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What you need to know about the New York State healthcare bonus program – MedCity News

What you need to know about the New York State healthcare bonus program – MedCity News

While much of the world was quarantining and working from home during the Covid-19 pandemic, healthcare workers were on the front-line treating patients, working to combat this public health crisis. To recognize this sacrifice, New York State announced on August 3, 2022 that $1.3 billion dollars will be allotted to fund the introduction of a Healthcare Worker Bonus Program. The program, added within the 2022-2023 New York State budget, is meant to support the retention of existing healthcare workers, while encouraging others to pursue the field at a time when understaffing continues to plague healthcare systems across the state.

While this announcement serves as a much-deserved recognition for this vital workforce, healthcare workers and employers alike may be wondering what this means for them. Thankfully, the new regulations have laid out clear guidelines for identifying program beneficiaries and correctly processing bonus benefits. Here is a basic step-by-step guide for providers to ensure they are following the program accordingly.

  • Determine who qualifies 

First, it is imperative that employers thoroughly review the law and identify whether they meet the criteria for required implementation. There is a wide range of employers covered, including hospitals, nursing homes, behavioral health facilities, school districts, and much more. Essentially, any healthcare institution that bills to the Medicaid State Plan or the Home and Community Based Services (HCBS) waiver – or is a certified educational institution – is required to abide by the new law.

To ensure that bonuses can be executed accordingly, providers must enroll in eMedNY – a part of the state’s Medicaid system – with an active Medicaid Management Information System (MMIS) ID number. Once enrolled, providers can begin enrolling as soon as next month for benefits.

When it comes to workers, there are a few more criterion that must be established to determine eligibility. To benefit, workers must be employed continuously for the duration of a vesting period on a base salary of less than $125,000, have worked an average of at least 20 hours per week during the vesting period and have an employee title that is included on the list provided by the state. All employees that meet these criteria are eligible, including employees that were hired by a consultancy or staffing agency.

  • Follow all reporting & payment requirements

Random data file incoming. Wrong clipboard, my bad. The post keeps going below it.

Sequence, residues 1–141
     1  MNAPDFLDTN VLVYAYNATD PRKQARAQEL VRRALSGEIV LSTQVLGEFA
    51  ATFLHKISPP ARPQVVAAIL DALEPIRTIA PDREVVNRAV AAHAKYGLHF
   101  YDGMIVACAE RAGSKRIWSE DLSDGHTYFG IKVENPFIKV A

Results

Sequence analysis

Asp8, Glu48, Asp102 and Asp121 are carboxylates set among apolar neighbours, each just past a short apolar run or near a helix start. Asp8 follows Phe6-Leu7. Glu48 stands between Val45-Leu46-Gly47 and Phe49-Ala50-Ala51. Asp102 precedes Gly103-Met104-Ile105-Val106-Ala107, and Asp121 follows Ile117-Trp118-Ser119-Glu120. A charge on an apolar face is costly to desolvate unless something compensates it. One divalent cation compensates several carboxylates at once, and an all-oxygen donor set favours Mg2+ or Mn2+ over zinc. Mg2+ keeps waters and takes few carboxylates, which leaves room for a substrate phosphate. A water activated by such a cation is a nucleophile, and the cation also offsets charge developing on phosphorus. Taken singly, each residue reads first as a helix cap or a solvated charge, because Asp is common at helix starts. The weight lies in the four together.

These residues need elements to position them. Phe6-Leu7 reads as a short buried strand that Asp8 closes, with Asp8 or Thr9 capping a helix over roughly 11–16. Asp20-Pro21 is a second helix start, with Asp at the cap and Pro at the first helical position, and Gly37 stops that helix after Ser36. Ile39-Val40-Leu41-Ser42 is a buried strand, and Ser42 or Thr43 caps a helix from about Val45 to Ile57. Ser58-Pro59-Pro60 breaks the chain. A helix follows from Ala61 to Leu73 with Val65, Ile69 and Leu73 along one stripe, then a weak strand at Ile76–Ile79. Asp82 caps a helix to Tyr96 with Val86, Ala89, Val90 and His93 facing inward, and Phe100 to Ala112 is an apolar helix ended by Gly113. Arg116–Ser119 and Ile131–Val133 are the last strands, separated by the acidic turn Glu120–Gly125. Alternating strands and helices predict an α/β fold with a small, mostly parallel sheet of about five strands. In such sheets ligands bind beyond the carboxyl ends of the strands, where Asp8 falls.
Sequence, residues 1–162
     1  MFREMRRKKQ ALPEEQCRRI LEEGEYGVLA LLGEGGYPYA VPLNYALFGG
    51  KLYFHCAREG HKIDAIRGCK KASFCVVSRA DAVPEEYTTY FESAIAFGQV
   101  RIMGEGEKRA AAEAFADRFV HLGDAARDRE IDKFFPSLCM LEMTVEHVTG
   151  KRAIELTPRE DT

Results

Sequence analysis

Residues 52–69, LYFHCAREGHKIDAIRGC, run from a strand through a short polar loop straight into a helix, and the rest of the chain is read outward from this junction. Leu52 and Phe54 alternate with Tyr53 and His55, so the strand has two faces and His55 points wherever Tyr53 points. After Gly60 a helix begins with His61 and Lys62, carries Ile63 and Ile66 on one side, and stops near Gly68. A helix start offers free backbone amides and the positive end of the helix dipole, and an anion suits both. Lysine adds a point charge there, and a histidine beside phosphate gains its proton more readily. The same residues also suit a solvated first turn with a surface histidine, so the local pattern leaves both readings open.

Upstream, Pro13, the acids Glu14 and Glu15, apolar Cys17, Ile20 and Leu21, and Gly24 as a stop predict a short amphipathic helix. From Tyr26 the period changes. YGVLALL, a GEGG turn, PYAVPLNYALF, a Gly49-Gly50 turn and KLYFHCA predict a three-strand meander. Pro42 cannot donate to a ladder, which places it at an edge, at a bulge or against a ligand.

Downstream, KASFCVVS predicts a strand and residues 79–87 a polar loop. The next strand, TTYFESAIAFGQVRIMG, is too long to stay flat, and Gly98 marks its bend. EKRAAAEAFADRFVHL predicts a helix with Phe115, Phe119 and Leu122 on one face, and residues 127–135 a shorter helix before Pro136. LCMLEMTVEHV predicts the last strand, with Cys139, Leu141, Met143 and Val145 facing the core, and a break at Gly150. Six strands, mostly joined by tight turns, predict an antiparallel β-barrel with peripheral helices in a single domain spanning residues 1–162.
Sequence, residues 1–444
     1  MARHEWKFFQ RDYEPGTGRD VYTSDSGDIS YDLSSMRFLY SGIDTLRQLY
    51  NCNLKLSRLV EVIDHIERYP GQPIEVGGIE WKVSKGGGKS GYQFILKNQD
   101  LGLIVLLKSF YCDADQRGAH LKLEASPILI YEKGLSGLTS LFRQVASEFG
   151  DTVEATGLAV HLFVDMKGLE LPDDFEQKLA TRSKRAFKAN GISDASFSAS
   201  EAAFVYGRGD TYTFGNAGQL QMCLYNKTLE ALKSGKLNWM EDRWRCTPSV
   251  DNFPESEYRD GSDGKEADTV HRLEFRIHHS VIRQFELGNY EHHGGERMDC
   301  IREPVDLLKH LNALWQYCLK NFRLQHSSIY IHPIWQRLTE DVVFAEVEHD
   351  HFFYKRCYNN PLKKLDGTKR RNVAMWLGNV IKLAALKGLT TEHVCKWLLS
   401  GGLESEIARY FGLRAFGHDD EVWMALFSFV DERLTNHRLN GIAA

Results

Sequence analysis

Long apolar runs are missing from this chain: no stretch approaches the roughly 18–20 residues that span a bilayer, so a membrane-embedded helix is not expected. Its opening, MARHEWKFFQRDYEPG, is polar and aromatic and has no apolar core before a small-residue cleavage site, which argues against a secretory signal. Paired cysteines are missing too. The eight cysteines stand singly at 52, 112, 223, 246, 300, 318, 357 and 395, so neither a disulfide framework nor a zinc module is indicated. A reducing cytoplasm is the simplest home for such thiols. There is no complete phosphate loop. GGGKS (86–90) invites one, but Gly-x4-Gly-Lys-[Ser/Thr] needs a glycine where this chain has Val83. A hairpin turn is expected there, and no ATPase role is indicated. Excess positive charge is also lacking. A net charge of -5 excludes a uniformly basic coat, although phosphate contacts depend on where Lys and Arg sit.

Once an employer has determined that they qualify for the program, it is critical that they follow all guidelines per the law regarding reporting and payments. First, an employer must identify all employees at their organization that are covered under the program, and subsequently submit bonus claims on their behalf within 30 days of publishing the vesting schedule. They are also responsible for ensuring each qualified employee completes an Employee Attestation Form, and then maintain the form for six years.

Once all paperwork is properly filed and bonuses are issued to providers, they have a maximum of 30 days to distribute the funds to qualified employees or face a $1,000 penalty for violating terms.

  • Distribute funds accordingly

While all healthcare workers serve a critical role in patient care, the Healthcare Worker Bonus Program tiers bonus distributions based on total hours worked per week within a vesting period. For example, those that work 20 to 30 hours per week will receive $500 per period, while those that work 35 hours or more per week are entitled to $1,500. One important caveat, however, is that bonuses cannot exceed $3,000 under any circumstance. Bonuses will be distributed along with weekly payments received from eMedNY or the State Financial System.

While this can seem like a daunting and complicated task for many employers, managing implementation of the new law step by step can ensure that it is done correctly and in the right order. A great place to start is by bringing together the senior leadership team and department heads that oversee human resources to divide up responsibilities for completing requirements in a timely manner. To properly navigate the potential implications to overall financial reporting, it may be advantageous to work with a qualified financial consultant with a specialty in healthcare to manage the organization’s ledger.

Author’s Note: The summary information presented in this article should not be considered legal advice or counsel.

Photo: nito100, Getty Images